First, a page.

The History of St Andrews Presbyterian Church

St Andrews Presbyterian Church

Above Bar Church was the first independent church in Southampton, and catered for the needs of worshippers, be they Congregationalists or Presbyterians. English Presbyterians had separated themselves from the Presbyterianism of Scotland and Northern Ireland, firstly as a branch of the Scottish church and after 1836 as an independent body. At this time the town was rapidly expanding. Its population had trebled between 1811 and 1851. Southampton had been a fashionable Spa, and was then becoming a centre of commerce .With the opening of the railway and the docks in 1840 and 1842 respectively, Scottish marine engineers, of the steamship companies, plying their trade throughout the world, came to live in Southampton, bringing their families with them. As many were Presbyterian they met for worship, initially in 1848 in the Baptist chapel in Portland Street. They had been inspired by talks given in the Royal Victoria Assembly rooms in the town, by two Scottish ministers resident in Southampton, Rev. Thomas Pullar of Albion Church, and Rev Alexander Maclaren of the Portland Baptist Church. Application was made to the Presbytery of London in the spring of 1849 for recognition as a preaching station, and oversight of the congregation was given by Rev. A. J. Ross of Brighton. The first meeting of the committee for building their own church premises was held in the Victoria Rooms, Portland Place, on 12th June 1849. From 1849-1853 they met for worship in the Victoria Rooms. Andrew Lamb, the shore-based P&O superintendent engineer, owned land, next to his house, in Charlotte Place. As a prominent member of the congregation, he gave the land to build St. Andrew’s Presbyterian Church; and once it was built Scottish engineers were advised to attend worship, or else their chances of promotion would be reduced. Andrew Lamb was a man of status in the town. He was also the first chairman of the Red Funnel Line, a Justice of the Peace, and the first chairman of the “Southampton Times”, a position he held until his death. He did much work in designing and developing marine steam engines, which in some cases led to patents being taken out. His skill was also directed to the construction of iron ships and marine boilers. The church building was situated at the South East corner of the old Bellevue Estate. Later, new road construction led to the Charlotte Place roundabout being built right outside the church. In the 21st century the Jury’s Inn sits on this roundabout. The church architects were Hinves and Bedborough, who had designed Albion chapel, and Kingsfield Church as well as many Anglican churches in Southampton. The sculptor, David Brain, carved Scottish leaders of thought and religion, such as Knox, Carlyle and Irving, on the front of the new church, and on its tower. The total cost of the building was £3,500. Its foundation stone was laid on 18.5.1852, and the church was opened on 29.9.1853, when a minister from Belfast gave the sermon on the Lord’s Prayer to a ”fashionable and delighted audience”. The next Sunday he preached again to a congregation described as “highly reputable people of every denomination”. The collection for the first Sunday was over £50. As well as seating for 550 in the church, and 100 in the gallery, there was a small lecture room and minister’s vestry adjoining the church. A room built over the vestibule was designed to house a church library, but stairs were later removed as it was unsafe. A Sunday School met in the minister’s vestry, but as numbers increased, they outgrew the room and the church opened a branch school in Bedford Place, and hired rooms in Bevois Town Board School. Over the following years other ventures were started, and included a Ladies’ Work Meeting, a Mutual Improvement Society, a Band of Hope, Christian Endeavour, Dorcas Society, Women’s Own, Tract Society, a Maternity and Sick Room Mission, and they gave free Christmas breakfasts. Hymns were originally sung to a harmonium, with a paid choir, but in 1879 an organ was installed. In the second half of the 19th Century the church concerned itself with local benevolent objects, and local mission, in addition to liberal support of denominational funds. It helped establish small Presbyterian congregations in Freemantle, Totton, Woolston, and Boldre near Lymington. The church’s Lamb Memorial Hall, (named for the benefactor and member Andrew Lamb, who died three years previously), was built in 1884, and a portrait of Lamb hung on its walls. A large contribution to build the hall was given by the Lamb family, including one of the sons, who was a barrister. As the Second World War started, the minister left to enter the Church of England. During the war there were severe incendiary bombing raids on Southampton. The church was hit, destroying the ornately carved pulpit and canopy. The church was rendered unusable for several months, so services were held in the Lamb Hall, by permission of the Military Authorities, who had requisitioned the hall as a medical examination room. In 1940 both Northam Congregational Church and Above Bar church were demolished by enemy bombing. Above Bar had a minister without a church, and St Andrews had a church but no minister. The solution seemed to be that the congregations should combine forces. Having worshipped elsewhere for over a year, on 26th April 1942, Above Bar and Northam came to worship with the St Andrews, but as separate congregations for administrative purposes. The minister of Above Bar, Maxwell Janes became the minister of the St Andrew’s congregations. He did much to cement the closer fellowship and joint worship of the two congregations.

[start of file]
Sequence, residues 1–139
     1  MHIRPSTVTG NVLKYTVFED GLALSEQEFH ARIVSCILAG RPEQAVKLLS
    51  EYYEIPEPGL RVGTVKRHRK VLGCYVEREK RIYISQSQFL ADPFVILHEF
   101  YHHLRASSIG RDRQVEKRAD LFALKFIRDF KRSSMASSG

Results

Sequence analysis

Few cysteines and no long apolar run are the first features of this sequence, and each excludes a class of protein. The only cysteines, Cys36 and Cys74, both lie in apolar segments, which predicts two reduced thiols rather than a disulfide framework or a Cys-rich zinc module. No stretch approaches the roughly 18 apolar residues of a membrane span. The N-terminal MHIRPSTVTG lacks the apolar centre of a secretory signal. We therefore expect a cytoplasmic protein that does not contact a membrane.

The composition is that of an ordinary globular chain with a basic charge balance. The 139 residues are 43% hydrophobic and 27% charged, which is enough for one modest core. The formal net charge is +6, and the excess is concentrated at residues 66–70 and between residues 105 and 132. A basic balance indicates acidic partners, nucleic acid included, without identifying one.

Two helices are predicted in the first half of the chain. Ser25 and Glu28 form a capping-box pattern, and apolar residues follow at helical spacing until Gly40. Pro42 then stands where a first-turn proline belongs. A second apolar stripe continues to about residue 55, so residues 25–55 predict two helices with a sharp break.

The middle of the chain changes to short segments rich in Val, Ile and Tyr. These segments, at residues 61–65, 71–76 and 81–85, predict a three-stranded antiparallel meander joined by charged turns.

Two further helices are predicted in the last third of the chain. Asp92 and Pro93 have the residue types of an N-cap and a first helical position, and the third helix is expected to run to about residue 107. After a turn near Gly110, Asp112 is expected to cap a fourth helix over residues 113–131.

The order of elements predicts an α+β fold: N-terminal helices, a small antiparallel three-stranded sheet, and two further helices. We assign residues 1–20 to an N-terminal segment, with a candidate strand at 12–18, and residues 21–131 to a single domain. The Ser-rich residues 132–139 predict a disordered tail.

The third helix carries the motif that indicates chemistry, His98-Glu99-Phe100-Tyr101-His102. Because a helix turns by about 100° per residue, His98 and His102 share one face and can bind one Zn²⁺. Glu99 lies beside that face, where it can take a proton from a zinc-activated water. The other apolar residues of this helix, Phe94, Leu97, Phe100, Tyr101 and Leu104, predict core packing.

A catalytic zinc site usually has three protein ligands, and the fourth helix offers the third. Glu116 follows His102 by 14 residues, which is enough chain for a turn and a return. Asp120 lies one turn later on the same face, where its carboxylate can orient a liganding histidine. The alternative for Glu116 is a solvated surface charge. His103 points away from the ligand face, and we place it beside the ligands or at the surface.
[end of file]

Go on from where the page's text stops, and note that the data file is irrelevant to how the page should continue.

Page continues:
A commemorative booklet reprinted from the “Southampton Times” August 23rd 1913 to mark the Diamond Jubilee of St Andrew’s Church is kept in the Church Archives.

Ministers of St Andrews Church

1851-1855 Rev. W Hunter

1855-1880 Rev. John Grant Wright LL.D.

1880-1885 Rev. Robert Vint M.A., B.D.,

1886-1886 Rev. Harvey-Jellie

1887-1905 Rev. Hugh Rodger

1906-1929 Rev. Robert Grimson

1930-1939 Rev. L. Race Clough B.D.

1939-1939 Dr. R.C. Gillie and A.M. Jack

1939-1942 Dr. W.S.Carruthers (supply minister from St. Mary’s Presbyterian Church Woolston)

1942-1945 Rev. Maxwell O. Janes